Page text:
Peter Mandelson, European Union (EU) trade commissioner, has warned large trading countries that EU member states will not back him in trade talks unless the focus shifts away from agriculture.
As the core negotiating group in the Doha round of world trade talks - including the EU, US, Brazil, India and Australia - met in Geneva on Wednesday, Mandelson said his negotiating authority was under pressure. In a letter to ministers of the so-called "five interested parties" he said farm talks would stall without better offers of liberalising trade in goods and services. His warning came as France voiced its strong opposition to Mandelson's offer to cut farm tariffs and subsidies in the Doha round, despite EU states backing the trade commissioner earlier in the week.
Financial Times page 10
Rewards on offer for green energy policies
Companies investing in environmentally sound energy projects in developing countries can expect to start reaping rewards under the Kyoto protocol, as the first "carbon credits" are set to be issued today (Thursday).
The development will boost the supporters of the United Nations-brokered treaty on climate change who are facing tough negotiations at a meeting to discuss its future in Montreal, Canada next month.
The US, which has not ratified the treaty, wants to block discussions on its next phase after the current provisions expire in 2012, while developing countries want to avoid any obligation to reduce their greenhouse gas emissions after that date.
Klaus Topfer, executive director of the UN environment programme, acknowledged that the meeting would be difficult but added: "Luckily, we can now talk about negotiations beyond Kyoto, not instead of Kyoto. That is very important."
Financial Times page 10
UK seeks 120m flu doses
The UK government is asking drugs manufacturers to tender for a "sleeping contract" to supply 120m does of pandemic influenza vaccine.
Sir Liam Donaldson, chief medical officer, announced the invitation to tender on Wednesday, at the same time as he published the Department of Health updated pandemic influenza contingency plan.
The announcement came as concerns about bird flu in Asia and Europe continued to spread with officials identifying further outbreaks of the deadly disease and stepping up quarantine and culling measures in Russia, north China and Macedonia.
Separately, Roche, the Swiss pharmaceutical group, is limiting supplies to chemists of Tamiflu, its antiviral flu drug, in order to meet demands from government for stockpiles as fears grow of a possible pandemic.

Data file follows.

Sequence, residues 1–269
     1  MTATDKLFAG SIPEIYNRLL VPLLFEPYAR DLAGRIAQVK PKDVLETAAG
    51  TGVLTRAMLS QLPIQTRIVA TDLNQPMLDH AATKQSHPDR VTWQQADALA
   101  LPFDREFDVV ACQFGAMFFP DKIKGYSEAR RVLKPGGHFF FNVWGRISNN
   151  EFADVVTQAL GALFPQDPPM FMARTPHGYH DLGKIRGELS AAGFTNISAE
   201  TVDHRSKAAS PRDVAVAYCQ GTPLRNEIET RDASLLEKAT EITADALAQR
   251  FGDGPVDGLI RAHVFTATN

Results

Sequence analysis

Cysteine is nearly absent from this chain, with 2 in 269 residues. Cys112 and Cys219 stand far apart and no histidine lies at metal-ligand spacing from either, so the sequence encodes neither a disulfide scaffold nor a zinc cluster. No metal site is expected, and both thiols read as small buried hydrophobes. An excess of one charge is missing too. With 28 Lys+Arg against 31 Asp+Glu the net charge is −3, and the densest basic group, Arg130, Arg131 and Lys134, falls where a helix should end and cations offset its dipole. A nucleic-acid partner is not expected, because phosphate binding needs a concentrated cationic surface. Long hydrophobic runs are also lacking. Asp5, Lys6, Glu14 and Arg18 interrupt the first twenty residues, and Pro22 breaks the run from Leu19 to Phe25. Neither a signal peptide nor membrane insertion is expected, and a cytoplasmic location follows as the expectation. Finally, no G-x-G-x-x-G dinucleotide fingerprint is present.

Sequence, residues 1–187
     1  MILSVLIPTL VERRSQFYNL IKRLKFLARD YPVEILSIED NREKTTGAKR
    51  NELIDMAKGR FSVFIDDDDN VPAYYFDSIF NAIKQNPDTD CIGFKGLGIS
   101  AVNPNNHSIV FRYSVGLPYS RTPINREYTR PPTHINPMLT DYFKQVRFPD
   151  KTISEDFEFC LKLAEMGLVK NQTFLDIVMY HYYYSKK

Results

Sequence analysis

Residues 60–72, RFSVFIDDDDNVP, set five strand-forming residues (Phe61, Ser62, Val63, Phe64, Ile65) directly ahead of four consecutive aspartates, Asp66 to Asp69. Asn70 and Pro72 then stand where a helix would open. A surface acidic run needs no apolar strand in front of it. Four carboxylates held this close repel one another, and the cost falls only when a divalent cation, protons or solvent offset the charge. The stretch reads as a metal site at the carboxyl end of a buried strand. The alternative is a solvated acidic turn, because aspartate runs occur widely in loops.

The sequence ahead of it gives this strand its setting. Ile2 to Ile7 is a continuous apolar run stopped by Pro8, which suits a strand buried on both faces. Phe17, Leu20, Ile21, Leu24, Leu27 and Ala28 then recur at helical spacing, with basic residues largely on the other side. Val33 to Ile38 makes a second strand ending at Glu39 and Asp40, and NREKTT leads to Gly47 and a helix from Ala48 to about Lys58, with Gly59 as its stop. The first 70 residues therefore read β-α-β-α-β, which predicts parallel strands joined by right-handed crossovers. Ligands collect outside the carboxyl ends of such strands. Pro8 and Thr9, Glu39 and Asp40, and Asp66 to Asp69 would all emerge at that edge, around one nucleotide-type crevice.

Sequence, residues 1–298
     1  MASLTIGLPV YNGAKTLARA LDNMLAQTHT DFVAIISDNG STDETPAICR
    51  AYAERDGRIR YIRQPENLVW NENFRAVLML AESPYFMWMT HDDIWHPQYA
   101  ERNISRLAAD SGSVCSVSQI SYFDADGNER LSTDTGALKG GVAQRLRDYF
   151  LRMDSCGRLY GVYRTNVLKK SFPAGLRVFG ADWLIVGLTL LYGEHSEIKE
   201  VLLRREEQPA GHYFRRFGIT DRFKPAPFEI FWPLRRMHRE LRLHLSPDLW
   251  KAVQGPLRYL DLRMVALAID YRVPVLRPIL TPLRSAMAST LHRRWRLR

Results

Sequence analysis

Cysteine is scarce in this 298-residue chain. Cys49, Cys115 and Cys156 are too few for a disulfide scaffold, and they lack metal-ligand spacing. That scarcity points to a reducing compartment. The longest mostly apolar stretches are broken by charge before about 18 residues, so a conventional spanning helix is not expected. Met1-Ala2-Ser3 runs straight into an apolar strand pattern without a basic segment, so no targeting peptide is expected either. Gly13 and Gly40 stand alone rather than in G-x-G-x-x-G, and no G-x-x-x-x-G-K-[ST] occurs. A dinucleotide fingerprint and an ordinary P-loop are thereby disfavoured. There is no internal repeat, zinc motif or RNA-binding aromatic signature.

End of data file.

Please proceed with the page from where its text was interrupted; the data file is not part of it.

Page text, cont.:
The British Association of Pharmaceutical Wholesalers, the trade body that handles most drug distribution, said Roche had stopped supplying it over the past three months, giving priority to pandemic stockpile requests from government.
The Times page 37
The Independent page 12
Financial Times page 5
The Guardian page 9
Animal research opens its secrets
UK universities are becoming more open about their animal research programmes, according to a survey by the Financial Times.
It found that in response to increased support from the government and police, research institutions are abandoning "collective silence" in the face of animal rights activism.
The newspaper evidences the survey with reports on site visits to GlaxoSmithKline (GSK), the UK drugsmaker, and Huntingdon Life Sciences (HLS). The primary business of HLS is carrying out animal research and it has borne the brunt of animal rights activism.
Financial Times page 3
Company News and Results
Roche boosts Q3 sales by 17%
Third-quarter sales at Roche Holdings, the Swiss drugs maker, rose 17% to SF8.8bn ($11.4bn/Euro9.4bn), beating expectations, thanks to sales of cancer drugs and demand for Tamiflu, its flu treatment.
Tamiflu sales more than doubled in the third-quarter to SF279m, and analysts said the "Tamiflu bubble" could last more than two years. But the flu treatment remains a relatively small contributor to Roche's overall sales. In total, sales of all Roche's drugs were up 17% in the third quarter, with new cancer drugs contributing particularly strongly.
The Times page 54 (Need to Know), 62
The Independent page 62
Financial Times 29
The Daily Telegraph page B2 (Business Section)
The Guardian page 21
Abbott profits drop $100m plus
Abbot Laboratories saw its third-quarter profits fall to $680.7m (Euro564m) from $804.1m last time as a number of charges more than offset the increased sales of its prescription drugs and medical devices.
The Times page 54 (Need to Know)
Akzo warns of job cuts to protect margins
Akzo Nobel, the Dutch paint, chemicals and drugs group, has warned that it will have to make job cuts to maintain margins hit by higher raw material costs.
The group cites a 9% rise in raw material costs at its paints unit - the world's largest - to support the warning. Akzo employs over 60,000 people, nearly half at the paint division.
The company exceeded expectations although operating margins fell from nearly 11% to 9.5% in the third quarter, on earnings before interest and tax of Euro315m ($380m), 7% lower than a year ago. Sales grew 6% to Euro3.3bn.
Akzo reiterated acquisition plans in coatings, the largest of its four divisions, and the sale of non-core chemicals units. Growth came in emerging markets, notably China where the company hopes it can capitalise on increasing consumer affluence in areas such as car refinishes and decorative paints.
Financial Times page 29
Elementis offloads rubber business
Elementis, the world's biggest chromium chemicals producer, has agreed to sell its speciality rubber business to Navis Capital Partners, the private equity group, for £17.6m ($31m/Euro25.6m).
Proceeds from the sale will be used to pay £7m into Elementis' pension fund, with the remaining cash paying down net debt. The company, which is undergoing a strategic review of its business, is expected to book a £7m loss on the sale.
Financial Times page 26 (Small Cap Briefing)
We're worth it: Guidant tells J&J
Guidant was forced to defend its reputation and business on Wednesday, responding to Johnson & Johnson's (J&J) threat of paying a lower price for the drugmaker's planned $25.4bn (Euro21bn) acquisition of the US device maker.
Questions have mounted on whether J&J would renegotiate or change its deal following Guidant's recalls this summer (Q3) of up to 100,000 pacemakers and defribillators.
Financial Times page 31
(Some of the stories may not appear in all editions of the relevant newspapers.)